Copyright status of images uploaded by Facebook users

Asked almost 2 years ago - Temple City, CA

This question is not about Facebook usurping anyone's copyright. Rather it is about the photographer's right to post the image on Facebook (or elsewhere)

If I take a photo of 3 friends playing casual soccer outside the Rose Bowl, and wearing Nike and drinking Coca Cola. Does uploading that photo violate the rights of the 3 friends or Nike, Coke, or the Rose Bowl? And if it does, does that mean 90% of the images on Facebook violate someone's rights?

Attorney answers (4)

  1. Pamela Koslyn

    Contributor Level 20

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    Answered . Photographers do own the copyrights in the photos they take, but their subjects' rights are limited. People in public have no privacy rights, so they can be photographed, and they can still consent to be photographed, but they still have "publicity rights" as noted by my colleague.

    Since a Facebook posting isn't "commercial," like advertisements are, CA Civil Code section 3344 wouldn't apply. For the same reason, the trademark rights of Nike and Coca-Cola wouldn't apply because the FB poster isn't using their TMs "in commerce" to compete with them and confuse their customers.

    Lots of the photos posted on FB are indeed infringing, but may aren't.

    Avvo doesn't pay us for these responses, and I'm not your lawyer just because I answer this question or respond to... more
  2. Andrew Kevin Jacobson

    Pro

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    Answered . There are quite a few different questions here. First, as the photographer, you have the copyright in the work that you made -- your photograph. Your friends have a separate interest -- their right of publicity under Cal. Civ. Code sec. 3344. This allows them to control the use of their likeness for purposes of promotions. They could prevent you from using their images in advertising for Nike or Coca-Cola, for example. However, a picture of them throwing a frisbee near the Rose Bowl posted on Facebook, with bottles of Coca-Cola in the picture with shoes bearing the Nike swoosh, is not likely going to be construed as endorsing the drink or the athletic shoes.
    Nike and Coca-Cola might have claims of false designation of origin if they were featured with conduct that could be falsely construed as being sponsored by the companies, but that would probably not be too common. Overall, they are happy to be associated with healthy activities, even if no one could construe it as being endorsed by them. I don't see too much to worry about.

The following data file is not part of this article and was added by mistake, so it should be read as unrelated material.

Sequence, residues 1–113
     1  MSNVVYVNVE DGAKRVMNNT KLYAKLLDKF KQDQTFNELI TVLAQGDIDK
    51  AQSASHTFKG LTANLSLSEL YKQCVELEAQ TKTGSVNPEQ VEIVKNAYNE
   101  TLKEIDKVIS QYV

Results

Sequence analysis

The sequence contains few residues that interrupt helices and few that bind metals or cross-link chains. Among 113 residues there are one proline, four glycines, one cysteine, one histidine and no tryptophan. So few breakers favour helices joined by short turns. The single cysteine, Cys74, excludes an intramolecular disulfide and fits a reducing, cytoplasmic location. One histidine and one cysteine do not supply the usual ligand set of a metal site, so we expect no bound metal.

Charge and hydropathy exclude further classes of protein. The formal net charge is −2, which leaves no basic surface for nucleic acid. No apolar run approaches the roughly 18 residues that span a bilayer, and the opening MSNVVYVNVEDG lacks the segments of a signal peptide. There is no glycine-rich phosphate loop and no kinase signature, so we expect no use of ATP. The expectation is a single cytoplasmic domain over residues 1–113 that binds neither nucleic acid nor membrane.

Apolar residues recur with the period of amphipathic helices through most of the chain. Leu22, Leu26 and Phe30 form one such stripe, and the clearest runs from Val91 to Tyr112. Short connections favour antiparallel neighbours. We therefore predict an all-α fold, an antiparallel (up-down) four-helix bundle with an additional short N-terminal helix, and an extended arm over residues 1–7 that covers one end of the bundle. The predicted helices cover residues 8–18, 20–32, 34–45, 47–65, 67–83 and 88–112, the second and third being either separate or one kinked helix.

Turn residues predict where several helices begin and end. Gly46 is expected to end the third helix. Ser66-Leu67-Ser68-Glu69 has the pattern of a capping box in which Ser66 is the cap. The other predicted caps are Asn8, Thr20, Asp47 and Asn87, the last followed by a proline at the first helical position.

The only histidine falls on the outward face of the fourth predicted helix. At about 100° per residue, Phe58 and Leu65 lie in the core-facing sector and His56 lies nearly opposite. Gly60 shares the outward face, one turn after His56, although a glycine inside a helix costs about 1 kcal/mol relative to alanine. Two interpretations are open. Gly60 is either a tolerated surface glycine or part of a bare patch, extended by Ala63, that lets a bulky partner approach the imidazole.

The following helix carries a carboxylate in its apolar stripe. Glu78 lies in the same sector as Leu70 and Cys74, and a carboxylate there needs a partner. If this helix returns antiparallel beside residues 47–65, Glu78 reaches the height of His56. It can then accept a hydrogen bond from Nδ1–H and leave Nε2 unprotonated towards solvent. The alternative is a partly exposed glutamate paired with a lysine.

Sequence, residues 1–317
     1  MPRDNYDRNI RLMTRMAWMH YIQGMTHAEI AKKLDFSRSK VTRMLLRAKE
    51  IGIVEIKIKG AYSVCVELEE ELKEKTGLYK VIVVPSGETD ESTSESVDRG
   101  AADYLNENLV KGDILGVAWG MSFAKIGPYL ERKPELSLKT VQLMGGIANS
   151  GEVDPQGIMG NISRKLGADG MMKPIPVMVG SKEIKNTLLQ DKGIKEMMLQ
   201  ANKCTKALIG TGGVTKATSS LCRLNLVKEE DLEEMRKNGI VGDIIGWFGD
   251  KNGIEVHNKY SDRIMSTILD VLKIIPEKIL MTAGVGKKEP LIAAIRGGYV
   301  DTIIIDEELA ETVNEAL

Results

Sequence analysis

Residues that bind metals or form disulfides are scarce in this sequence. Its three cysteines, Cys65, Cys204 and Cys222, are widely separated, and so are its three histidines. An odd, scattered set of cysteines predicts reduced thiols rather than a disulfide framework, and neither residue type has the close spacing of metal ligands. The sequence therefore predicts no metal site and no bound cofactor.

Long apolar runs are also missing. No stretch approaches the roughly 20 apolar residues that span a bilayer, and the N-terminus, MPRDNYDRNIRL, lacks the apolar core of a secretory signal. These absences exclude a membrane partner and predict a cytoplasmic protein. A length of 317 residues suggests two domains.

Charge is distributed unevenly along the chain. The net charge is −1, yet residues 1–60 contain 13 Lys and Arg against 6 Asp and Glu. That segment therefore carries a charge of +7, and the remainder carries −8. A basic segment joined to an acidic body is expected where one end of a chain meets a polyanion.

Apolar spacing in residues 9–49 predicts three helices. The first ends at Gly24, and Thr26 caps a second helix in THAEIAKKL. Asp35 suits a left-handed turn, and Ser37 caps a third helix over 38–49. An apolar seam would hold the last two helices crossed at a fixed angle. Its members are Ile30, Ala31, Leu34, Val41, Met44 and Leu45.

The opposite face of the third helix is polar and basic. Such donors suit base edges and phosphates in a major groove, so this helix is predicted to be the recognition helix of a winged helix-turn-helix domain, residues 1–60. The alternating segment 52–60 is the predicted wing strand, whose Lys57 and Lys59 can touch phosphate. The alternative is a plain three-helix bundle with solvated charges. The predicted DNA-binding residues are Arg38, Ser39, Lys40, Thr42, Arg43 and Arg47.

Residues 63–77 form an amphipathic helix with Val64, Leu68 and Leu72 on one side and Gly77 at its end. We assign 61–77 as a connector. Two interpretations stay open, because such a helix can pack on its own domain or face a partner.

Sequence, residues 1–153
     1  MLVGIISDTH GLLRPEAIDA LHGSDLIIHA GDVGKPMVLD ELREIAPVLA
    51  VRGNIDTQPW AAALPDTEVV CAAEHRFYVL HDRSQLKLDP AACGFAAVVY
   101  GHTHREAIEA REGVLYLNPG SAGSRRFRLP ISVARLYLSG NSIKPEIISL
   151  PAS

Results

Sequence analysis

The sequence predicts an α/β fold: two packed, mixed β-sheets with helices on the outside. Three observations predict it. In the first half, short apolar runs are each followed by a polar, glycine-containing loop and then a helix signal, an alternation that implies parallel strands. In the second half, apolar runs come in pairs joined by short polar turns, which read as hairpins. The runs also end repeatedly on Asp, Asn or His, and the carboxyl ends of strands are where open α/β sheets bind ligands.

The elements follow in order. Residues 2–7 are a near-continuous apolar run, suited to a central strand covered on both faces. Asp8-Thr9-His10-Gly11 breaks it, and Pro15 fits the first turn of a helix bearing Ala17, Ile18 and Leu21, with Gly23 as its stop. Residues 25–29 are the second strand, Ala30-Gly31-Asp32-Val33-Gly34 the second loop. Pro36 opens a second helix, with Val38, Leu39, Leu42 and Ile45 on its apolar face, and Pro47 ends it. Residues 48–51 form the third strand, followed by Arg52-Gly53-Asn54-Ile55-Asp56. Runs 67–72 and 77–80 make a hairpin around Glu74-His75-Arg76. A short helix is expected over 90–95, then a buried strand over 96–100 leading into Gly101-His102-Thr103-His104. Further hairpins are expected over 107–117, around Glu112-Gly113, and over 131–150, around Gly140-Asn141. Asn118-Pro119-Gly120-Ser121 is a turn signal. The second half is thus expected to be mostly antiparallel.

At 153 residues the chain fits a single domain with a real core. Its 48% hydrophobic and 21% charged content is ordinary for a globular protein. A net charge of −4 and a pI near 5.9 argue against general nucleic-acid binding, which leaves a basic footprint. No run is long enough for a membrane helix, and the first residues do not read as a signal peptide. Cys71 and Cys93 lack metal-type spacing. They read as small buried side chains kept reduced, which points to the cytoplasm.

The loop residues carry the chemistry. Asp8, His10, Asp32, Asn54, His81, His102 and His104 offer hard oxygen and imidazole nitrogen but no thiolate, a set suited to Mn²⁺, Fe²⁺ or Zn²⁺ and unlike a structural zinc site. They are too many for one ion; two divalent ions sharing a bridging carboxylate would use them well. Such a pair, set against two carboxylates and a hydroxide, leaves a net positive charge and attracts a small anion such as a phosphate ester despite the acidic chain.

www.bayoaklaw.com. 510-208-5500. This answer does not create an attorney-client relationship. It is not legal... more
  3. Michael Charles Doland

    Contributor Level 20

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    Answered . A candid snapshot taken of friends wearing or consuming branded products posted to a social site like Facebook should not cause any problems.

    The above is general legal and business analysis. It is not "legal advise" but analysis, and different lawyers may... more
  4. Bruce E. Burdick

    Pro

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    Answered . That should not be a problem. Unless you are selling something using photos to imply sponsorship by the Rose Bowl, Nike or Coke, they are not going to object. They want their brands seen as popular, provided it is on their products and not seen as endorsing anything else.

    As to copyright infringement on Facebook, it is rampant but mostly non-commercial in nature. Trademark infringement is less common due to the mostly social rather than commercial nature of most of what is on Facebook. However, there are many commercial sites on Facebook that have names infringing some registered trademark or unregistered trademark. Many, if not most, trademark conflicts include a conflict on Facebook. I have a number of them pending in litigation right now. That will only increase as Facebook becomes more and more commercial.

    I am not your lawyer and you are not my client. Free advice here is without recourse and any reliance thereupon is... more

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